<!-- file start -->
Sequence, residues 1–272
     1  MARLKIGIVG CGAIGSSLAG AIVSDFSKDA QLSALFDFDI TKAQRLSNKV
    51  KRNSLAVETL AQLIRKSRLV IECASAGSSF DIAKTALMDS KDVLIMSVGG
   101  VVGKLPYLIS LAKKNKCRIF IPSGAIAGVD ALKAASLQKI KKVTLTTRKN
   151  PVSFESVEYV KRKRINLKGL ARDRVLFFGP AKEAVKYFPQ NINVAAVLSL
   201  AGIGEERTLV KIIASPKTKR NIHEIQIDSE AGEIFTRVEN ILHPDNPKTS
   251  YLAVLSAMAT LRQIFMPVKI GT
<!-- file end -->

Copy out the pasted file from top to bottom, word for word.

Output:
Sequence, residues 1–272
     1  MARLKIGIVG CGAIGSSLAG AIVSDFSKDA QLSALFDFDI TKAQRLSNKV
    51  KRNSLAVETL AQLIRKSRLV IECASAGSSF DIAKTALMDS KDVLIMSVGG
   101  VVGKLPYLIS LAKKNKCRIF IPSGAIAGVD ALKAASLQKI KKVTLTTRKN
   151  PVSFESVEYV KRKRINLKGL ARDRVLFFGP AKEAVKYFPQ NINVAAVLSL
   201  AGIGEERTLV KIIASPKTKR NIHEIQIDSE AGEIFTRVEN ILHPDNPKTS
   251  YLAVLSAMAT LRQIFMPVKI GT